I hope the American Society of Tropical Medicine and Hygiene succeed in getting more general, non-HIV related health issues some attention and funding. But addressing health more generally, avoiding the 'silo' or 'vertical' approach, is probably the best way to treat and prevent HIV, also. Doing things the other way around has not worked and never will. If you see HIV as the problem and set up a parallel health infrastructure you will fail with most or all of the other health issues and this is unlikely to have much impact on HIV either.

But Walson and others put their finger on the very difference between HIV and other diseases they now hope to deal with, ones they refer to as 'diseases of poverty'; HIV is not a disease of poverty, at least, not to the extent that intestinal and other parasites, malnutrition related conditions, waterborne diseases and acute respiratory diseases are. HIV in African countries tends to concentrate to a disproportionate extent in urban dwelling, wealthier, better educated, more mobile populations.

From a commercial point of view, there just isn't much money in 'diseases of poverty', whereas there is a huge amount of money available for HIV; that's what makes HIV an entire industry, and diseases of poverty a mere development issue. In wealthy countries enough people can afford HIV drugs, despite the fact that they are grossly overpriced.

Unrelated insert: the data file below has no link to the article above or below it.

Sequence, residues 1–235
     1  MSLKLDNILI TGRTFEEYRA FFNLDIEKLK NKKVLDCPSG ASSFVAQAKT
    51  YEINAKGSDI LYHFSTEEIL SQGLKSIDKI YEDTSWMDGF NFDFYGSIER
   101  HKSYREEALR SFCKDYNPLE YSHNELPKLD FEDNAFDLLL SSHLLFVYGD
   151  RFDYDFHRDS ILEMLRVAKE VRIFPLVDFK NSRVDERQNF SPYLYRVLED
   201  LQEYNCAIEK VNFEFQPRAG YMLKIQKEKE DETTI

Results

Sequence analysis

But even in developing countries, donors, up to now anyhow, have been interested in funding HIV. They're mostly interested in funding treatment because that's a lot more lucrative than prevention. But the word on the street now is that 'treatment is prevention', so even more money may end up being spent on this single disease. Though HIV treatment is not, in any useful sense, prevention, this is unlikely to worry those whose income comes from treatment.

Waterborne diseases, respiratory diseases and the like, those that kill more people than all the headline diseases put together, do not involve lifelong treatment with expensive drugs, which need to be replaced, eventually, with even more expensive drugs as resistance builds up. Some of the most ignored drugs are ones for which the treatment is a once or twice off occurrence and the treatment is dirt cheap. What self-respecting pharmaceutical multinational corporation wants to bother producing such drugs?

There is mention of the Gates Foundation but this institution has only shown token interest in anything but wealthy institutions and industries, with pharmaceuticals and genetically modified organisms receiving massive amounts of funding. Gates himself is not shy about promoting vaccines, preferably one for each disease, but he's a lot less interested in, for example, water and sanitation, provision of which could take care of a whole spectrum of diseases. Which is not to say he spends nothing on water and sanitation, just comparatively little.

People and institutions who wish to address various health issues because they reduce the quality of life and the life expectancy of hundreds of millions of people are to be encouraged, particularly if their 'success' is not going to be judged entirely by HIV related indicators. But HIV is not just highly funded because it threatens the livelihood, health and lives of so many people; just about all diseases fit into that  category. There's long been an obsession with HIV that may not be so easy to dislodge by a few public calls for change.


Friday, December 9, 2011

Gay Footballs: Obama and Cameron Aiming to Destabilize African Development Sectors?